Ten years ago a nano budget indie film with amateurish production values, an unknown cast and no special effects emerged like a bolt from the blue to become an international box office behemoth, gobbling up almost US$250,000,000 worldwide. That film was The Blair Witch Project, the kind of one in a million success story Hollywood has never been able to replicate.
Never, that is, until now.
On its way to Australia is a new American feature built on a similar premise with a similarly miniscule budget. Its phenomenal success, achieved largely through innovative PR strategies, offers the industry some important lessons — particularly about the value of effective online marketing campaigns.
Paranormal Activity is a no frills camcorder-filmed thriller about a young couple who attempt to capture on video a malevolent ghost who haunts them at night. Like Blair Witch the footage we watch is allegedly shot by the participants themselves. In terms of on-screen action this amounts to lots of nothing much, the characters talking, worrying, fretting and freaking out (in roughly that order) as the film’s atmosphere gradually gathers intensity. The ghost walks up and down stairs, turns lights on and off, slams doors, mysterious breezes etc. In other words nothing remarkable transpires, especially for young audiences conditioned to have seen everything (many times) before.
Much more interesting is the story of how the film achieved success. Paranormal Activity cost around US$11,000 to make, and, at the time of writing, has earned more than US$60,000,000 at the American domestic box office alone.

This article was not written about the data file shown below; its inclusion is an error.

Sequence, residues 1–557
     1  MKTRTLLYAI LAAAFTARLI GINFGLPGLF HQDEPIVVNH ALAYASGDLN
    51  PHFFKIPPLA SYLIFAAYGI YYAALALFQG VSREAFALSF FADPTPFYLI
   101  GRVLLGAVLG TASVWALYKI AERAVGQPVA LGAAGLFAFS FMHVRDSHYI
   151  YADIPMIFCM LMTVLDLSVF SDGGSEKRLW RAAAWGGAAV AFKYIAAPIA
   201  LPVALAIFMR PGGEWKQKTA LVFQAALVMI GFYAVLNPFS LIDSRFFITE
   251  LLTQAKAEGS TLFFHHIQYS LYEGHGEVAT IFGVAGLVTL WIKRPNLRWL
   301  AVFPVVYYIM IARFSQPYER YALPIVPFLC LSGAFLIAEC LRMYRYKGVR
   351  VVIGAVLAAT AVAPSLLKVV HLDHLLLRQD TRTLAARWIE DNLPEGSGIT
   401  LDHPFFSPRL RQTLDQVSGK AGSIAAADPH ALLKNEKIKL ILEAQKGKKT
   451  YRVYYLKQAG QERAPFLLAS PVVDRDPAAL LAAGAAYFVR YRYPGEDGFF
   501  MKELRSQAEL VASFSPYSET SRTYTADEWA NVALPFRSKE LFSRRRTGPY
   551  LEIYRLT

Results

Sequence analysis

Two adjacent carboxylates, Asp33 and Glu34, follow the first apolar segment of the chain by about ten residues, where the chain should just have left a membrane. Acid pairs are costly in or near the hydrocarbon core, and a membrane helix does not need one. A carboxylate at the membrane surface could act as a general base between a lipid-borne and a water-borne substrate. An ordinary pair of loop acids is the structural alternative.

Originally knocked back by the Sundance Film Festival, the film was later discovered by DreamWorks and initially slated for a big budget remake. The remake idea was scrapped and Paramount Pictures took over distribution, releasing Paranormal Activity in a small number of exhibitors across the country. Then came the first marketing masterstroke: the distributor announced that the film would roll out in cinemas nationally only if a million people voted for it on their website.
Lo and behold, the votes came in, reels were printed and viral marketing techniques spread like wildfire across social networking websites such as Facebook and Twitter. Word of mouth grew, big time.
The first I heard about Paranormal Activity was via a post on Twitter. Before I had seen the film I had already engaged with it — and inadvertently helped to promote it — on two social networking websites. Two weeks ago one of my Twitter film colleagues ‘re-tweeted’ a link advertising free screenings across the country. I followed the link to Facebook, where I was essentially bribed to ‘become a fan’ of Paranormal Activity in order to collect my tickets. I followed the instructions, a willing accomplice to the film’s marketing strategies (the more people become a fan of something on Facebook, the more it is exposed to others).
If that wasn’t enough on the social networking front, at the free screening everybody in attendance was given a slip of cardboard encouraging them to “tweet your scream” to go in the running to win Paranormal Activity prize packs.
The fact that an invitation to a media screening for Paranormal Activity arrived in my inbox almost a full week after I had already confirmed (along with all the other freeloaders) to attend a preview screening via Facebook says something about the importance Paramount Pictures are placing on online marketing and pre-release word of mouth.